by Tom O'Donnell
January 26, 2010

Remember that it is not practical to use a variable speed drive on motor-driven pumps that normally operate at less than 100 spm to 150 spm. Slowing the motor causes each stroke to take longer from start to finish and, as a practical matter, motor-driven pumps should not be operated at less than 15 spm. Electronic diaphragm pumps, which are pulsed by a solenoid, can operate at less than a single stroke per minute because the characteristic and timing of each stroke, from start to finish, is the same at all stroking speeds. The moving parts in modern diaphragm pumps offer long, reliable service at all stroking speeds. The highest stroking speeds should be avoided with viscous or abrasive chemicals.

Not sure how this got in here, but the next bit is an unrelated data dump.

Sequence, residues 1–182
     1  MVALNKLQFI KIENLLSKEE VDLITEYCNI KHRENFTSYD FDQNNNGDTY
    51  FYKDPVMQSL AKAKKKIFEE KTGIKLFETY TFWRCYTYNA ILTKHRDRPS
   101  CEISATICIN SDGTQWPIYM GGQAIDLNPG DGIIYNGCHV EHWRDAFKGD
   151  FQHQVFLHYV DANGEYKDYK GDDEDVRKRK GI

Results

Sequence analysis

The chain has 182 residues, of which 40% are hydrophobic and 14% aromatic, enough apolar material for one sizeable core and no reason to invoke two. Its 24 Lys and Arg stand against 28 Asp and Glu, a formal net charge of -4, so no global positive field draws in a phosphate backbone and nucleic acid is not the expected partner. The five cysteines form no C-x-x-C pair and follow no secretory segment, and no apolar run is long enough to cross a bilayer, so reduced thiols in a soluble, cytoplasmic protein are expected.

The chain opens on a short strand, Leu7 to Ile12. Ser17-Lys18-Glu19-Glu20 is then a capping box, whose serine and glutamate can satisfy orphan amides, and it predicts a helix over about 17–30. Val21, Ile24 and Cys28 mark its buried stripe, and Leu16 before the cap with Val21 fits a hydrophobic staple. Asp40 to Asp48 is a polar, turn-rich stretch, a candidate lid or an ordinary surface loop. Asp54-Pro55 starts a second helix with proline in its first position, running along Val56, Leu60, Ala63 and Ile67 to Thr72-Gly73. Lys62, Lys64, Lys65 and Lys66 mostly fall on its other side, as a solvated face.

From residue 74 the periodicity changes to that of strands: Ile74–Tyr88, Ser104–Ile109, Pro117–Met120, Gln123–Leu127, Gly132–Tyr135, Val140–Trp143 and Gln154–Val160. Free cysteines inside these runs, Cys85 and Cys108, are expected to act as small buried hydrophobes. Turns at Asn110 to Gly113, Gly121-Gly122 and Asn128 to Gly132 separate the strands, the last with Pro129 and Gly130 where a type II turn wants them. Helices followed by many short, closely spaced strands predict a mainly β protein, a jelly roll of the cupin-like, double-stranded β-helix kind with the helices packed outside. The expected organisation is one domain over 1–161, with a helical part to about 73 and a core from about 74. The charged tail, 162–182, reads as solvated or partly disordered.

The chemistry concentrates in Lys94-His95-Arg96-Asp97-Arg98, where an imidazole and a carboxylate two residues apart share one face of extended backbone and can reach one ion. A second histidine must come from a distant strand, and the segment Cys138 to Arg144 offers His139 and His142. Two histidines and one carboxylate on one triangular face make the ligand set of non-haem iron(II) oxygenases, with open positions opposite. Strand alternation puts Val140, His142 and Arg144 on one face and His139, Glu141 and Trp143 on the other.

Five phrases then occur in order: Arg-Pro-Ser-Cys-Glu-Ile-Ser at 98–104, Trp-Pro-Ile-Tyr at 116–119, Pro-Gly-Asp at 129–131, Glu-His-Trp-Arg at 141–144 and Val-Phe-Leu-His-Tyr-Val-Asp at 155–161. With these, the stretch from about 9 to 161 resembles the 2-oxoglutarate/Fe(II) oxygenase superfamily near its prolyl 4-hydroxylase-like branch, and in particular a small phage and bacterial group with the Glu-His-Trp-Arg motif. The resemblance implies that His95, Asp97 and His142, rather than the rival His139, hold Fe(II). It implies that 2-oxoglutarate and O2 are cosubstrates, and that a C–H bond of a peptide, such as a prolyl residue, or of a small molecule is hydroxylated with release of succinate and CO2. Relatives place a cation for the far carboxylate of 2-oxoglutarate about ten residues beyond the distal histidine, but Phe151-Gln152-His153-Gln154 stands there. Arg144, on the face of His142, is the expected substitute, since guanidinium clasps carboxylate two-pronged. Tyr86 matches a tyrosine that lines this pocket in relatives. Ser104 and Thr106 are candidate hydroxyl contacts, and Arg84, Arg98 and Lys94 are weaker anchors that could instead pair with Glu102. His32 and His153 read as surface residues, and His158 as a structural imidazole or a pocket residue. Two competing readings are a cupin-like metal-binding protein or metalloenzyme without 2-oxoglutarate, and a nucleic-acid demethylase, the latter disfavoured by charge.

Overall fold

When automatic or electric stroke positioners control a metering pump, the number of doses remains constant and the dose size is reduced, thus keeping the doses uniformly distributed in a constantly flowing line. Use of a variable speed drive changes the stroke speed, while the size of the dose injected on each stroke remains the same, but makes the doses less frequent. This, however, can produce an undesirable process result in a constantly flowing line as the discreet slugs of chemical are more widely separated than if a constant dose interval were maintained.

Finally, consider the application and quality level. Is the unit used for intermittent operation in an HVAC or light-duty application where economy is an important consideration? Is the unit for an industrial plant/waste-treatment facility/refinery/power plant where ruggedness and additional features are required? Is initial cost or life cycle cost more important?

Pumps & Systems, February 2010

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